In the movie No Country for Old Men, Tommy Lee Jones’ character laments, “It all started with bad manners” – “it” being drugs and homicide. Lest you think he’s indulging a kind of grumpy-old-man hyperbole, invoke the image of Jeff Goldblum in Jurassic Park fluttering his fingers to emulate a butterfly’s wings. If we open our own little doors online to gossip and retaliate, we risk treading on the feelings of hundreds. Thousands; heck, why not butterfly effect it into the millions? (Personally, I’ll be satisfied if a few friends and family check in!)

If you have no shame and no manners, why should anyone else?

Suddenly you find yourself mudwrestling with strangers.

You’re a *%#*@ idiot.

– Anonymous.


Thanks, #@%$^&. Right back atcha.

-- Alias.

Come on people, now, smile on your brother; tell me, why isn’t everybody gettin’ together in the new cyberutopia?

That little exchange I just imagined – do you want that carved for posterity on your tomb? Will the hieroglyphs of our lives read full of Netspeak and expletives? Suddenly the words we thought were 100% ours – signed, sealed, delivered -- turn on us. We’ve reduced ourselves to a label, a caption, a hormonal moment, a bad-hair day. It’s too late to squirm out of the stereotype. After all, we posted it.

Post no bills about your life you don’t plan on seeing fifty years from now. Tattoos, anyone?

When we keep a diary for the world, can our confessions really inspire evolution? Or do we devolve toward narcissism? Do we force ourselves into situations where we inform everyone else about our emotions, our relationships, our most salacious intellectual meanderings, before we’ve “found out” what’s really going on? Doesn’t discovery merit some private thinking? Doesn’t discovery best happen in an intimate setting between two friends, family members, or lovers…on an emerging canvas, in a dawning melody…and in the writer’s case, in a hidden journal?

I’m an educator, so pontificating is my first language. (Ask my sibling who was forced to face a chalkboard at age eight and spell words like “simultaneously”). I believe it is wise for me to avoid the subject of my life on this blog, since a tell-all could limit my fiction to pedantic concepts, lessons, and themes. I’d rather my fiction be the fertile ground for my finding out.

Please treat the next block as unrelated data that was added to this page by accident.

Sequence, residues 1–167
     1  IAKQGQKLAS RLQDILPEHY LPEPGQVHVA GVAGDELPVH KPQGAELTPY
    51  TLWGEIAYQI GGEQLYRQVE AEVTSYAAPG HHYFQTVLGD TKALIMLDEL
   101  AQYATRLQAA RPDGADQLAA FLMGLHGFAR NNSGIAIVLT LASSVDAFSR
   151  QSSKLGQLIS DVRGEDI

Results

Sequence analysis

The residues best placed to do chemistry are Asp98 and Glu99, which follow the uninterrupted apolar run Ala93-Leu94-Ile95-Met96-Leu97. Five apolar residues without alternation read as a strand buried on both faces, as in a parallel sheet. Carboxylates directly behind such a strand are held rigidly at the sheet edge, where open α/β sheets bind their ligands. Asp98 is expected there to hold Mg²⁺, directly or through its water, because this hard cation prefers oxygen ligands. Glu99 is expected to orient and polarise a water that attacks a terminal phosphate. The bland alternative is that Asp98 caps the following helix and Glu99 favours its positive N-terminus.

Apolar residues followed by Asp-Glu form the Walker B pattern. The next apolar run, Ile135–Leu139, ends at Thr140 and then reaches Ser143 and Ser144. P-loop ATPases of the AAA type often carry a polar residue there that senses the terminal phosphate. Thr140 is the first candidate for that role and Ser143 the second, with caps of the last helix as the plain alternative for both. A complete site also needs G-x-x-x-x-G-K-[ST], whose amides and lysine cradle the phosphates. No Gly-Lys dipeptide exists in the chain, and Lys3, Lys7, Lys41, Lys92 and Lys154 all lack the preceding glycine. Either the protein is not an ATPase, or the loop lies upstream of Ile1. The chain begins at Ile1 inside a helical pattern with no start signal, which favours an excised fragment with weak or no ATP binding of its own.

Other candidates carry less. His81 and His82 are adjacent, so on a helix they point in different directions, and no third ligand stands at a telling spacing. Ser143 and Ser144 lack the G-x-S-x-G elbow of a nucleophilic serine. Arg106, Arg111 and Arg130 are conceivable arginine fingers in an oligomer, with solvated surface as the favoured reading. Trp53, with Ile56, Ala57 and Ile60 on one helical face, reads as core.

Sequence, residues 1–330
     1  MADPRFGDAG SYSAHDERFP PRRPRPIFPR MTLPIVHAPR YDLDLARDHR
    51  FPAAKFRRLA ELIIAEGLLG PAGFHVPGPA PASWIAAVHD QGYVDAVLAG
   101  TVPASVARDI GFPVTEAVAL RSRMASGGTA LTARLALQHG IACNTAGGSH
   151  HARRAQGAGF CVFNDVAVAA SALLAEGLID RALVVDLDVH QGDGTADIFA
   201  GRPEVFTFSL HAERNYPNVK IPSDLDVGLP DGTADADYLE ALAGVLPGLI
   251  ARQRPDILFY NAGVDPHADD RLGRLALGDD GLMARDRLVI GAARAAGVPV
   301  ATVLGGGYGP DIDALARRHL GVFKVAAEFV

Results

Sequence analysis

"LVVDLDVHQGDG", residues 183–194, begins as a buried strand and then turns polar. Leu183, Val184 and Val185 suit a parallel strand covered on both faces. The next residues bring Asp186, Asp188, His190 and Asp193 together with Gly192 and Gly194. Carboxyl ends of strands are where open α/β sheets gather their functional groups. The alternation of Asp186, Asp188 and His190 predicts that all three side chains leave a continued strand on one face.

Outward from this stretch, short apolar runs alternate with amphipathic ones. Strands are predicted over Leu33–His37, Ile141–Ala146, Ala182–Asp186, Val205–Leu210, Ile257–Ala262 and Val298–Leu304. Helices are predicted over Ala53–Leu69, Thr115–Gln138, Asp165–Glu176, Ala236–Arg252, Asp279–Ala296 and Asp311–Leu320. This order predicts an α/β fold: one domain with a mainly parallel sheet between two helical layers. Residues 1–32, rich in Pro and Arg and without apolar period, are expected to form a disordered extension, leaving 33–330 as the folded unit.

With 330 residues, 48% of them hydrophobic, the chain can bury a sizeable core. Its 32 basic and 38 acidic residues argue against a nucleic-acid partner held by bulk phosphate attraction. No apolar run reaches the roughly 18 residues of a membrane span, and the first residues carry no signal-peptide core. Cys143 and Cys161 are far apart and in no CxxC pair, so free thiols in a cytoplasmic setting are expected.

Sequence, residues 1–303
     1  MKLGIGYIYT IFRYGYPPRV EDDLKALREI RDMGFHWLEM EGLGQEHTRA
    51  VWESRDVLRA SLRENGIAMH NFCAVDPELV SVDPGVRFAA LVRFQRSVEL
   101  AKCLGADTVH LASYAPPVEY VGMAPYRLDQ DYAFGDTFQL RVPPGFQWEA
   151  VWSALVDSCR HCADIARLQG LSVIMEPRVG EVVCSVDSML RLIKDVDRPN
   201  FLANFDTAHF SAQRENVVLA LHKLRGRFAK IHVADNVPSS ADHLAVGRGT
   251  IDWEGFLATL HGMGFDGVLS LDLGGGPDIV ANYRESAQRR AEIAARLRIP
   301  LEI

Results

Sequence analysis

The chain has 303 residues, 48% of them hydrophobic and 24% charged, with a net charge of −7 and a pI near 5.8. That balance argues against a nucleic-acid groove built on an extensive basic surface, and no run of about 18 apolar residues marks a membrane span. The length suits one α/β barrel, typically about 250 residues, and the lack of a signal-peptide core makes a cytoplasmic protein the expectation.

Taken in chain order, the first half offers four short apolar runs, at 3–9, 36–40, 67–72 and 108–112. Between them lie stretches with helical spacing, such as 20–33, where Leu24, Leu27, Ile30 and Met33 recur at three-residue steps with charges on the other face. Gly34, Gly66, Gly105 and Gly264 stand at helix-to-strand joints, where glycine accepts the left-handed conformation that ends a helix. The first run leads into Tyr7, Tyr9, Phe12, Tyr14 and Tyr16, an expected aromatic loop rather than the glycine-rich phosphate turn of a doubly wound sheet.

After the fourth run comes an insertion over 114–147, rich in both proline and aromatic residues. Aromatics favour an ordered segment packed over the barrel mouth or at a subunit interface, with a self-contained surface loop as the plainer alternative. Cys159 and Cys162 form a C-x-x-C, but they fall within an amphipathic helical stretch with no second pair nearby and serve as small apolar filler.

I just learned the noun and verb “dooce” the other day for something that might well have happened to me. When I wrote a certain FacultyShack article back in 2004, the reaction of my employers helped me decide it was time to leave. The story goes that an anonymous someone forwarded my bosses the link. There was no message attached. My supervisors said they were puzzled and concerned by my article. They noted I had referenced people by name. True. I had referred to some with compliments, using first but not last names. It was also pointed out that I mentioned helping dismiss a subordinate who did less than his job. The upshot was “People might put two and two together and realize what place you’re referring to.” True.

At the time I thought my behavior justified. Hadn’t everything I’d written been basically public knowledge? Didn’t I have a right to free speech? Kinda sorta and yes. But do people want to work with you when you’re standing on your front lawn in your underwear sharing behind-the-scenes, play-by-play action? No. And as Greg Hawks has been known to say: Just because you can, that don’t mean you should.

Dooce who was actually dismissed from her job wrote, “My advice to you is BE YE NOT SO STUPID.”

I still think it’s a good article, and I’m glad FacultyShack published it (maybe because I was in different position, already decided to leave, so my supervisors weren’t forced to make a decision). But you won’t see me holding forth on colleagues, contracts, and other aspects of my current place of employment. You won’t hear about my friends and family unless it’s of benefit to them.

Don’t let me sound disingenuous in this rant. It’s not that the “world,” the audience, doesn’t matter to me; audience plays a powerful role to get me at the keyboard and committed to my art. Now I have someone to answer to when I post my weekly or daily writing goals. Now I have a marketing vehicle.

Don’t let me pretend that today’s spewing isn’t a soapbox rant, either, an occasional flash of my dark side, a TMI place of my opinion. Call this a reflective mission statement, and one of the most long-winded. If I want to get my fiction done, the other posts will need to be shorter. Much shorter.

A final note: I respect those who write memoirs and other creative nonfiction and who choose to publish online. It’s a different mode of discourse and a different writing process that precedes the electronic delivery, whereas blogging fast becomes a scratch pad of self-indulgent, regrettable spewing. It’s too tempting to do sloppy first-draft work when ironically the subject is sacred stuff – your life. That’s why I aim to draft and redraft when I can before posting, letting the post simmer for a couple days before going global.

It’s time for me to turn off the teacher and get to work. All I know is, I have much work to do to keep discovery front and center in my stories.

If you care to comment, perhaps you can keep me honest in this endeavor to talk craft. Thanks for checking in! -- Lyn

Monday's writing goal:

Discover what’s essential about pages 73-76 in my novel But Yes and cut, cut, cut.